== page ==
At that time, the newspaper, the pages in newspapers were shrinking. There wasn't enough room in the paper for three or four good pictures; there was just one picture. And people were telling amazing stories. So the web was this wonderful thing. It had infinite amount of space. We could put infinite amount of pictures and audio. So we did. What we did, what myself--and when I say we, and I say it all the time, because we really are that team; it's probably closer to Laurel and Hardy than like any other Hewlett & Packard--but we created what was MercuryNewsPhoto.com, which it wasn't an easy thing to do build, and it wasn't an easy thing to sell to, at that time, the San Jose Mercury News as a viable way to present content.
(Video playing.) (Inaudible speech.) (Female Speaker 1: I wanted to take my kids to New York. I didn't want them to be on a plane. And for all they knew,) (Female Speaker 1: they could be in Santa Rosa, you know.) (Female Speaker 2: For 500 years, scores of India's widows have been flocking to holy places like this one,) (Female Speaker 2: Vrindivan, the so-called City of Widows. Upon a husband's death, many widows find themselves--) (Female Speaker 3: Critical Mass. It's the best, like, movement of solidarity within bicyclists. It's awesome. You get to see) (Female Speaker 3: all your friends that rides bikes. And you get to claim the streets for once. Because usually, (Female Speaker 3: we're not, we're not in charge on the streets.) Mercury News Photo became a great place for our photographers to tell stories that had breath and could breathe, and you could tell them longer, and you can get into them deeper, and you could show more pictures, and you could hear the voices of the people whose stories you were trying to tell.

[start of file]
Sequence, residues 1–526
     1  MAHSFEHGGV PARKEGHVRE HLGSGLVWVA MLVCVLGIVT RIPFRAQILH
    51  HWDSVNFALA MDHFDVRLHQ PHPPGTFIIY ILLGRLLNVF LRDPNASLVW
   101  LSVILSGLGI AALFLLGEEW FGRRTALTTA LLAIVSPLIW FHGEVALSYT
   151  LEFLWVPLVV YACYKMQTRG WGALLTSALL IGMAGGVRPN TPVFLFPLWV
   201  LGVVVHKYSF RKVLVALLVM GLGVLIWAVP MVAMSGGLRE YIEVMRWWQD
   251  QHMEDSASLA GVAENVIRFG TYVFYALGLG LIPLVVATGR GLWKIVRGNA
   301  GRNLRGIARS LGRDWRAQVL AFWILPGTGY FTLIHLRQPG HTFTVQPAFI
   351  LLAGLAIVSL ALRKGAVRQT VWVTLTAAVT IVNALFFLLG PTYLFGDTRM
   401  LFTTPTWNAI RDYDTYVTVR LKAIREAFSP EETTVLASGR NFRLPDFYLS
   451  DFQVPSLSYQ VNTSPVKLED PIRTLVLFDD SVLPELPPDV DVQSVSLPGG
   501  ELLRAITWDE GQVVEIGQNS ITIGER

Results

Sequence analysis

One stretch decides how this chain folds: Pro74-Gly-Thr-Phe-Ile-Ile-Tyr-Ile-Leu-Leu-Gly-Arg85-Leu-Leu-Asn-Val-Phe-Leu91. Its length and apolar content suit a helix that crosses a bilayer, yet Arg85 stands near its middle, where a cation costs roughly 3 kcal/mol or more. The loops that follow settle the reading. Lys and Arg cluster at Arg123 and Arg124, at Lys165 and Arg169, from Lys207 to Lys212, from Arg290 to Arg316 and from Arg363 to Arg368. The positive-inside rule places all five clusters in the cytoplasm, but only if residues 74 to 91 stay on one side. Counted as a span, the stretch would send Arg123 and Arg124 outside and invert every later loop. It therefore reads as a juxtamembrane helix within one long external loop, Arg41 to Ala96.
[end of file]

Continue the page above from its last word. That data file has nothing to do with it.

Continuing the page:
The power of storytelling in that form was really, really, really, really a powerful, a powerful thing. Dai Sugano found a story from the newspaper, a daily story, where we had gone out and shot one picture from this story. It was about a mobile home park that was closing. And it was just one picture and a story. Powerful story, powerful picture. And he said, "There is something more here. I want to do something more. There is more of a story here." We launched a project which is called Uprooted about this mobile home closing down and the story of the people, not only how it affected them on a daily basis but how it affected them kind of in the long term.
We were able to do that because we had more time to spend with them, and we also had--we knew we had a home for this story. (Video playing.) (Video playing.) (Music playing.) At this time there is video. Still some video. There is some music.
All of these things were-- (Female Speaker 4: This would've been my home for 26 years. And I anticipate to live in here til I die.) That, to me, that is powerful, to be able to hear this woman's voice as part of this story being told through audio, video, stills, all together. We are here in the first one minute, and we are kind of trying to use, to the best of our ability, all of these things together. (Female Speaker 5: When we moved into this mobile home) we thought we were going to stay here until the kids--) We are jumping around in time.